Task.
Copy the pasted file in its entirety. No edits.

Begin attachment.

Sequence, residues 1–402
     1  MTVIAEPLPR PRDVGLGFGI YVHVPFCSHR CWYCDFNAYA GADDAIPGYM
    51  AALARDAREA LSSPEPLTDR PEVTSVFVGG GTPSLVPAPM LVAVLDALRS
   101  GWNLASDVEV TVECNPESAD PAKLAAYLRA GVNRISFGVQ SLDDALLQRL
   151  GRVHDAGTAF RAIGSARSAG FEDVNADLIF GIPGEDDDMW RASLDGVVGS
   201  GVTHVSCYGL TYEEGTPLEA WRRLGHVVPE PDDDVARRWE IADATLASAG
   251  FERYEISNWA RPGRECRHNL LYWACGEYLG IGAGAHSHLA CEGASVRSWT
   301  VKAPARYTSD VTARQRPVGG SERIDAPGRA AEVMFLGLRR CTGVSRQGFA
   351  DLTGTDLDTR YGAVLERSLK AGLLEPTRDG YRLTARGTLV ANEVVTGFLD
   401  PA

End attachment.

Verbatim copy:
Sequence, residues 1–402
     1  MTVIAEPLPR PRDVGLGFGI YVHVPFCSHR CWYCDFNAYA GADDAIPGYM
    51  AALARDAREA LSSPEPLTDR PEVTSVFVGG GTPSLVPAPM LVAVLDALRS
   101  GWNLASDVEV TVECNPESAD PAKLAAYLRA GVNRISFGVQ SLDDALLQRL
   151  GRVHDAGTAF RAIGSARSAG FEDVNADLIF GIPGEDDDMW RASLDGVVGS
   201  GVTHVSCYGL TYEEGTPLEA WRRLGHVVPE PDDDVARRWE IADATLASAG
   251  FERYEISNWA RPGRECRHNL LYWACGEYLG IGAGAHSHLA CEGASVRSWT
   301  VKAPARYTSD VTARQRPVGG SERIDAPGRA AEVMFLGLRR CTGVSRQGFA
   351  DLTGTDLDTR YGAVLERSLK AGLLEPTRDG YRLTARGTLV ANEVVTGFLD
   401  PA